State Sanctioned Slavery

I just saw a piece on Channel Four News about the rates of pay awarded to detainees in Immigration Removal Centres.

These are people who are being held either whilst their applications for leave to stay in Britain are considered or whilst they are awaiting deportation. They are not prisoners, but they are held in very similar conditions and circumstances and, whilst held, the only source of income available to them is to work for the establishments holding them for far below the minimum wage.

According to the news item, they are paid approximately £1 an hour to work in the kitchens, maintenance, or even cleaning toilets. In response the Home Office highlighted one significant point which differentiates Immigration Removal Centres from maintenance prisons; Immigration detainees cannot be required to work, they are merely given the opportunity to do so if they wish to. Prisoners on the other hand can be (and often are) required to work.

However, that raises two distinct issues. Firstly, everyone requires money simply in order to survive. When you restrict an individual’s opportunity to gain such money to just one single source, then their only choices are to accept that, or not to have any money and therefore to struggle to survive at all. The Home Office might see it as giving the detainees options, but the only real options are to suffer a little or suffer a lot.

The second issue it raises is that of the situation in mainstream prisons. Whilst Detainees earn around £1 an hour and cannot be required to work, prisoners can be so required and the minimum rate of pay for those prisoners is just £2.50 per week! Now, it is rare that the actual rate of pay given is actually that low, but it does happen. In my time inside most of the prisons I have been in pay somewhere in the region of £10 per week, which amounts to approximately 40p per hour. In high security prisons the rate tends to be slightly higher at between £15 and £20 per week, approximately 70p an hour. But either way, this is far below the minimum wage. Arguably, since prisoners have been found guilty of a crime, we shouldn’t expect anything else. You might even say that, since prisoners do not have to pay rent or general bills, they don’t need minimum wage at all. But this ignores one very important fact; prisoners are not allowed to have property sent in. We are required to order general products from a weekly canteen which is provided by a private company who holds the monopoly in that area. The prices available to prisoners are far from competitive and yet the wages are minuscule, to such an extent that a single bottle of shower gel can cost you as much as a whole day’s wages!

I have heard many prisoners describe this as slave labour. I’m not sure I buy into that. At least we are paid. But it isn’t far off slavery. Refusing to work is a disciplinary offence, and there is no choice of going to work somewhere else for a better wage, you are simply made to work where you are told for a pittance. But why does that matter when it is prisoners we are talking about? Well it matters because it is prisoners we are talking about. These are people who, everyone should hope, will be released and never commit another crime again. We would hope that rehabilitation would be successful. And how likely is it that that will be the case if you fill prisoners with such resentment of the system and then release them without any savings or means of support? No. The only logical answer can be to give prisoners employment rights, pay the minimum wage, teach them the worth of work, and enable them to build savings so that crime is no longer such a necessity when they are eventually released.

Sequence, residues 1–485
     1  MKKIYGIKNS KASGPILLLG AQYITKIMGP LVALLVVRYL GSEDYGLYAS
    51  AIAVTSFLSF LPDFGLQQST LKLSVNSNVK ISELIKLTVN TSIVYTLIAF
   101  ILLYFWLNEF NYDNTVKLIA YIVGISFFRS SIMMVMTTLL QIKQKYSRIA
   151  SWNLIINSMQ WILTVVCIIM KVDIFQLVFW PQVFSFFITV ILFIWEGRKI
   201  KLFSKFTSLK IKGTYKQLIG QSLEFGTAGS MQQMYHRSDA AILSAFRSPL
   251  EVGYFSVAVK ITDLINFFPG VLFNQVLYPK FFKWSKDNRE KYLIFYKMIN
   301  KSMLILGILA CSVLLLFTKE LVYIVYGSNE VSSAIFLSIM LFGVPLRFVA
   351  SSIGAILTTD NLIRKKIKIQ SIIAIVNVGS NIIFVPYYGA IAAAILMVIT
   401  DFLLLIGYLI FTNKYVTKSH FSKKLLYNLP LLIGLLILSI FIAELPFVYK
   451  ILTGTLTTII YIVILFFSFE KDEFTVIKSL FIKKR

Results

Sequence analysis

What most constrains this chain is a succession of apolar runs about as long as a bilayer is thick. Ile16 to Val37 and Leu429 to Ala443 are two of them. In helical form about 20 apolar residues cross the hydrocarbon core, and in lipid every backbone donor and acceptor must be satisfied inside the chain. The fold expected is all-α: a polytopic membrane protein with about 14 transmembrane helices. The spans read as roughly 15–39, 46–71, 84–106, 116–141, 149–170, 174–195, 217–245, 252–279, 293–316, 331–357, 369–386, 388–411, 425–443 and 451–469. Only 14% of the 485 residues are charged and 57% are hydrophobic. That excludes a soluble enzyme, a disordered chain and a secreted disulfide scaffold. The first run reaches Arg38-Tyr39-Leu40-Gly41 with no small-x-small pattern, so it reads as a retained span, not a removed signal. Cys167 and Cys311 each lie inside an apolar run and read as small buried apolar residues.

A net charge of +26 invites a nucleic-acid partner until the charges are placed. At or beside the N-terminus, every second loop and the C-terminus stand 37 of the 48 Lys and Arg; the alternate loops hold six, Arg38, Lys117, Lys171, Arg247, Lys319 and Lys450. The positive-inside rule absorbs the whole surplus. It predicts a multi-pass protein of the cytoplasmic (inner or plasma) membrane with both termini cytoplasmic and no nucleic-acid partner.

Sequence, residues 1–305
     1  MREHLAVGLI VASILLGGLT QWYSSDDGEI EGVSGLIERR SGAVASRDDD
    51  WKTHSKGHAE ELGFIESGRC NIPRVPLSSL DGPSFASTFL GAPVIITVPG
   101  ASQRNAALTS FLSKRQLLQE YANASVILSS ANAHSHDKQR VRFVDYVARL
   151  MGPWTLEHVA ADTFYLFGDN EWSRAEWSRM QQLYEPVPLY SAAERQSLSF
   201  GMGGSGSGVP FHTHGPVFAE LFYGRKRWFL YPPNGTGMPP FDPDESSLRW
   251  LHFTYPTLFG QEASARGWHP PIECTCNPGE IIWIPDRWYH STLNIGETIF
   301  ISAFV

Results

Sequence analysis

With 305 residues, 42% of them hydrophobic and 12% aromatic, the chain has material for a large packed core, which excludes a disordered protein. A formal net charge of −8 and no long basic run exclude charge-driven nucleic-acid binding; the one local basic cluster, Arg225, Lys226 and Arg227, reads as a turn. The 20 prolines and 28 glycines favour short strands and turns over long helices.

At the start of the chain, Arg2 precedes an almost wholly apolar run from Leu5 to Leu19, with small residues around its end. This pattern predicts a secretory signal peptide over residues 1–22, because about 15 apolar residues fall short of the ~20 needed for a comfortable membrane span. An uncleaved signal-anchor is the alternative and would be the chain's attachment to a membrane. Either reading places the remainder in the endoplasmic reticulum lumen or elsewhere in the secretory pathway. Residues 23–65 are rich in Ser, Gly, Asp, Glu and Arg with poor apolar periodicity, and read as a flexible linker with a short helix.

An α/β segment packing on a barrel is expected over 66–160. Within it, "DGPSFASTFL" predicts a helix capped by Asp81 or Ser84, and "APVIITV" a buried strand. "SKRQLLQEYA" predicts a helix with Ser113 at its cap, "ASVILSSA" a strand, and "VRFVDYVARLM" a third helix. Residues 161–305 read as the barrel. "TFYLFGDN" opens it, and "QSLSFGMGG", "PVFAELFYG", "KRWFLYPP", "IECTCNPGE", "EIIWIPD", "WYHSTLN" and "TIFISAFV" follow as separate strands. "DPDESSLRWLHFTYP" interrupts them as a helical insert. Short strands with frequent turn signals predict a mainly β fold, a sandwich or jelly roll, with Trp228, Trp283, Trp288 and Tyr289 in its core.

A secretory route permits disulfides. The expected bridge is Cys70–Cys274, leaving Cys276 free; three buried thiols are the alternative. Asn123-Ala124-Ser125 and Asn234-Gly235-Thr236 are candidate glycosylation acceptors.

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3 thoughts on “State Sanctioned Slavery

    • As an ex-prisoner myself, perhaps I can help out until Adam Mac gets a chance to reply himself.

      Release on Temporary Licence (ROTL) is granted to serving prisoners for various purposes ahead of their actual release on licence: Resettlement Day Release (RDR) for a few hours to visit local towns; Resettlement Overnight Release (ROR) to go home or to a hostel in the area to which a prisoner will eventually be released – normally four nights every 28 days once eligible; Special Purpose Leave (SPL) for medical or dental treatment or family emergencies (ie funerals); Education Leave to attend local colleges to study and Childcare Resettlement Leave (CRL) if the prisoner will be a child’s sole carer again after release. ROTL can also be granted for regular day release to perform approved voluntary work or paid work in the community. No prisoner has any entitlement to ROTL, but have to apply and be risk assessed first.

      Lifers and prisoners on Indeterminate Sentences for Public Protection (IPP) normally have to demonstrate manageable risk by having a number of successful ROTLs before the Parole Board will recommend release on licence. Without ROTLs it can be very difficult to persuade the Board to support release.

      In theory, ROTL can be applied for by any prisoner in B, C or D-cat prisons, but in reality it is pretty much restricted to D-cat prisoners in the last phase of their sentences – usually the final 6-9 months or so. Some B and C-cats can get escorted ROTL for family funerals, but will not be permitted to go alone. Hope that helps explain the system.

  1. Having spent a wasted 21 years in prison…i do class the wages system as slavery.by the State.Wages only came about in the 1920’s, as intellectuals were saying prison workers were slaves for the prison systems.any times i refused to work and was put on bread and water (in the 60’s.)Bread and water was stopped by, the then Home Secretary Roy Jenkins, in 1973.The wages in the ’20’s were a penny/ halfpenny! to make it, non-slavery.

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